If you can't understand the rational decision to guide my raid to victory isn't always aligned with your ideals all the time, you are the one with an attitude problem. We can still be friends if you understand that it's far more important that we keep a solid raid team together by distributing loot on the basis of us getting better and better at clearing raids together rather than pleasing every person in the raid. You can't please everyone, that's a given - but the fact that the raid is getting better, that the person who got the item earned it and that your time will come eventually anyway is an easier pill to swallow than "it was fair to give it to him because he showed up as often as you did", regardless of anything else.

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Merode wrote:
1 month ago
I'm sorry, but this comparison is not accurate. This council idea looks to me a lot like corporation. People who clean are of little importance, but we need them to keep running (warlocks, druids, hunters). People who do actual work are a little more important so they'll get bigger pay checks (shamans, paladins, fury warriors). Management, boy oh boy (mages, rogues, prot warriors, priests). Of course you should give your life to corporation. Corporation is your family and well-being. Nothing puts a bigger grin on my face than steep upwards charts!

My idea is, we're not there for the guild as for the idea or organization. Rather people are what makes the guild, and guild (the organization) should serve them. With your concept some classes get shorthanded. Not to mention underlying issue - people are not objective so they'll distribute loot subjectively. Or do you suggest you keep track of every single one of 40 people and notice what consumables they bring, how much they try? How do you keep track of it? I bet this whole council works on "feeling" who deserves what and not objectively determining it, because that would be much harder to track than DKP.
Your comparisson is flawed because money, in this context (gear), isn't just there for personal spending - "money" we give to the people in our raids helps our guild get better and better. The cleaning lady does roughly the same job as the CEO, except worse (for now). The people who are getting more money actually do tend to make more money for out guild as a whole and that is why they get money in the first place. It's not at all like that.

But yeah, good luck getting people with degrees to give a shit about your company when you're paying the cleaning lady the same salary as that of an engineer. :lol:

You keep track of it by using Class Leads and demanding minimum requirements to join those raids.

To qualify for loot, let's say you need to have attendance of over 80%. That's easy to track at the end of each raid and the Raid Lead usually handles it.

Meters show you how well they do in raids. Threat meters show whether or not you can actually handle an upgrade. Class Leads should know every BiS item on every boss, so by looking at the meters and looking at the Class Leads, it should be easy to figure out which class should get it and, more or less, which person should receive that item. We'll then ask everyone from that class to link which item they'd be replacing so we can get a better view at how well that improvement would work. We come to a decision and explain it to them, then give the item if no one has any better argument. Consumables are easy to check for (you can just hover over that person) and then see those buffs - but usually good meters go hand in hand with consumables.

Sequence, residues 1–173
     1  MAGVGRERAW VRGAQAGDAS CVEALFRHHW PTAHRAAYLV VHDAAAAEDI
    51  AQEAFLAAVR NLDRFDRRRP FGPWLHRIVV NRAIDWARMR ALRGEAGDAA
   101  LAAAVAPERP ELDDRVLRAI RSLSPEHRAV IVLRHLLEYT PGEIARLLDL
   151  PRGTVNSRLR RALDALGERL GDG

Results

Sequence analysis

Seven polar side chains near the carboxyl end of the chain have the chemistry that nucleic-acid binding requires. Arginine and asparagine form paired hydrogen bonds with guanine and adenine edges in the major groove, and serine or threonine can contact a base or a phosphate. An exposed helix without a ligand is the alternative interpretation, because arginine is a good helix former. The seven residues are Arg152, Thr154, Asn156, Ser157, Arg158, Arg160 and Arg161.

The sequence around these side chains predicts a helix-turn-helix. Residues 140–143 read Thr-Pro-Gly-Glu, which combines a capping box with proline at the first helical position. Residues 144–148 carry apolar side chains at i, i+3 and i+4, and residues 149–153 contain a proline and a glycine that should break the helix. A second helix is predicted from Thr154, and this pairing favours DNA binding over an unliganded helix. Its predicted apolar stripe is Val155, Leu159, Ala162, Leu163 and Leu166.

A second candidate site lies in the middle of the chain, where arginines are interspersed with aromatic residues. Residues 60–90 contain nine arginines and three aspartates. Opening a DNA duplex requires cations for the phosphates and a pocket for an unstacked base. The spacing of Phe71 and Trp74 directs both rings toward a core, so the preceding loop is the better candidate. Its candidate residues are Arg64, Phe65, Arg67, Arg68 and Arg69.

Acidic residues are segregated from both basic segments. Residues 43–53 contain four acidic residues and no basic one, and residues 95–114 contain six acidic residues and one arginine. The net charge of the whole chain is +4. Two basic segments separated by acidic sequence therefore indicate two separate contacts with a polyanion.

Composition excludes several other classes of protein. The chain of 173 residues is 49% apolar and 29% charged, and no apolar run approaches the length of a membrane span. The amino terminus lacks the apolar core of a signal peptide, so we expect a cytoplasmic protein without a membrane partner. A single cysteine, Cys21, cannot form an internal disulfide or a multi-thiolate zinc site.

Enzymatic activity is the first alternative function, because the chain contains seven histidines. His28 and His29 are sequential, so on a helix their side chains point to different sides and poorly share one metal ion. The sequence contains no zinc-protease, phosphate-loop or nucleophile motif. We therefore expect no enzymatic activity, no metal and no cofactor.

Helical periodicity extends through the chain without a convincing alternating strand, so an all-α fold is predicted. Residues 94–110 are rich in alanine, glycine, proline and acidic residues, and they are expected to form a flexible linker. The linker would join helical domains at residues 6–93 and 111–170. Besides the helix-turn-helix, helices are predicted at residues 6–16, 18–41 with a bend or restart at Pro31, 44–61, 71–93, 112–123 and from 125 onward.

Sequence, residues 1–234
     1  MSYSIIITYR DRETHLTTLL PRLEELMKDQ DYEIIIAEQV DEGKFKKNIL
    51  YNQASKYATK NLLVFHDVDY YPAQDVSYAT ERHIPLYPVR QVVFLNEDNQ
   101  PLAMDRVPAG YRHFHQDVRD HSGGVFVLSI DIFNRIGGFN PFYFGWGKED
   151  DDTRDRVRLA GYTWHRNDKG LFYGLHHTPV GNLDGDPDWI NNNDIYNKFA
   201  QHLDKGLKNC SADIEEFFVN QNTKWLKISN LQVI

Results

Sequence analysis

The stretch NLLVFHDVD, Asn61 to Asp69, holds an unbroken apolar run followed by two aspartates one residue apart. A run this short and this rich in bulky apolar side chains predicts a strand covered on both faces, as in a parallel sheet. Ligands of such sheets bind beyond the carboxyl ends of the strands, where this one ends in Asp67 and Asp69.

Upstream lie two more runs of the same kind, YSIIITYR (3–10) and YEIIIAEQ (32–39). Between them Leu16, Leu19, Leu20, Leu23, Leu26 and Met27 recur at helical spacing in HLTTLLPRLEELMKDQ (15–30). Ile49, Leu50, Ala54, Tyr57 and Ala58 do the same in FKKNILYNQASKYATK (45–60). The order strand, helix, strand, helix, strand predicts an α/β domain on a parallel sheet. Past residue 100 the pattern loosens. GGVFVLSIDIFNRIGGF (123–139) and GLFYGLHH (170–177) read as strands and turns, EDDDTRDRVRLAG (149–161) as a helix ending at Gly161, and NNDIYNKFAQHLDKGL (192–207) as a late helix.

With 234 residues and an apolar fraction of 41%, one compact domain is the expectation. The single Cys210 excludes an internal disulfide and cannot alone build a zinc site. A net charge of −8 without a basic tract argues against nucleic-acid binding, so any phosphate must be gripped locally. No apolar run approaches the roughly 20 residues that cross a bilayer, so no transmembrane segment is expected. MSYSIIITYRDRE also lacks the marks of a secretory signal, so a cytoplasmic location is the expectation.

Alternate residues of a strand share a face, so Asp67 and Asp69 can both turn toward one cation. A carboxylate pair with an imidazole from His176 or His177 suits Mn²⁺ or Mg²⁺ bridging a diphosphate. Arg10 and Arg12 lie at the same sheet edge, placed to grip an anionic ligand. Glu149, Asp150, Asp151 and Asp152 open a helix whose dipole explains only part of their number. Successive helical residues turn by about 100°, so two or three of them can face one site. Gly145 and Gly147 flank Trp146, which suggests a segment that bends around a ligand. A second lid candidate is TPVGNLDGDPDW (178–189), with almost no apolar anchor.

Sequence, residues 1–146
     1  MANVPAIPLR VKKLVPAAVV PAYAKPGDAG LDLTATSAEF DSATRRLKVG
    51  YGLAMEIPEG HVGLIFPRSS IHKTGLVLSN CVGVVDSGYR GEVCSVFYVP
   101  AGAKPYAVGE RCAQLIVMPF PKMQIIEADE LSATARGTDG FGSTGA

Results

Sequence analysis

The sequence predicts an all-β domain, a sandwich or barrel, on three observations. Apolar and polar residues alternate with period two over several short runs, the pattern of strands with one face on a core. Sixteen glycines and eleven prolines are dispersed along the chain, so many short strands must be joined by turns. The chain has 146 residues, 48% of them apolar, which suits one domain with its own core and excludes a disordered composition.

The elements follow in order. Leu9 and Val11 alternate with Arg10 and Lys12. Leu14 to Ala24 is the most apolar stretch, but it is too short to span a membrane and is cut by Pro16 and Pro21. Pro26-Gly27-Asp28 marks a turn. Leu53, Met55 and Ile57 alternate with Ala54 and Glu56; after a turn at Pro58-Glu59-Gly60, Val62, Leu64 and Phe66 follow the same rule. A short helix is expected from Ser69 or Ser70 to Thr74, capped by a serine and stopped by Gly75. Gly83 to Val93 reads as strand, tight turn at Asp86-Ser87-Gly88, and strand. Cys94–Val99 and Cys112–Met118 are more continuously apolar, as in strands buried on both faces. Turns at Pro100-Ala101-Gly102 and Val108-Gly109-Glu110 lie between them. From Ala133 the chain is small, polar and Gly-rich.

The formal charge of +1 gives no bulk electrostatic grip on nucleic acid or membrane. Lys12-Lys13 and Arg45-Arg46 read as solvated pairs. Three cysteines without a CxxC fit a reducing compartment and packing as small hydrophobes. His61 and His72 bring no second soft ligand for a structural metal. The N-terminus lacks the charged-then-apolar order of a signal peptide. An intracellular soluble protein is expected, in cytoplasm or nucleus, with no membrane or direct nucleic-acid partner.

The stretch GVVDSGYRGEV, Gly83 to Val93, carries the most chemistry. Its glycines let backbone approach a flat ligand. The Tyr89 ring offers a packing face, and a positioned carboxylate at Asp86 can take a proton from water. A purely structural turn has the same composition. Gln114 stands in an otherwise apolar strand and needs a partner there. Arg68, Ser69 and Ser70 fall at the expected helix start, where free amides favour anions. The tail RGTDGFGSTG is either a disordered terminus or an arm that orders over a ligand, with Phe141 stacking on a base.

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..and then after 20 minutes of discussion you move to next boss? :wink:
Ok, I'll grant you that it might work and it seems to be be popular. My realm must have been exception that I took for norm.

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TL;DR

You take a methodical approach.

First check attendance of the raid. (if over 80% then good)
Then check for class. (most of the times it will go for the best class available, but like I said, sometimes it won't because it's not fair to always do this)
Then check for meters and consumables. (if people are too high on the threat meter for no reason they're out, look at DPS meters, check for consumables)
Then look at the items they'll be replacing. (no sense replacing a good epic with a slightly better epic instead of replacing a mediocre blue with a really good epic)

Have a short deliberation and commit.

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Yeah it does/will suck ass for the first raids, but once a bunch of people have gear and everyone knows what they're basically after it should work out quicker, it always ends up with having a part of the raid that's a bit more geared up than the other part of the raid - so they usually pass on most things and stack karma (in this case, attendance) for the next raid tier, whereas the other part is happy to get whatever at a much faster pace than the one we had when we first entered the raid. Class Leads will be very important in speeding up this process.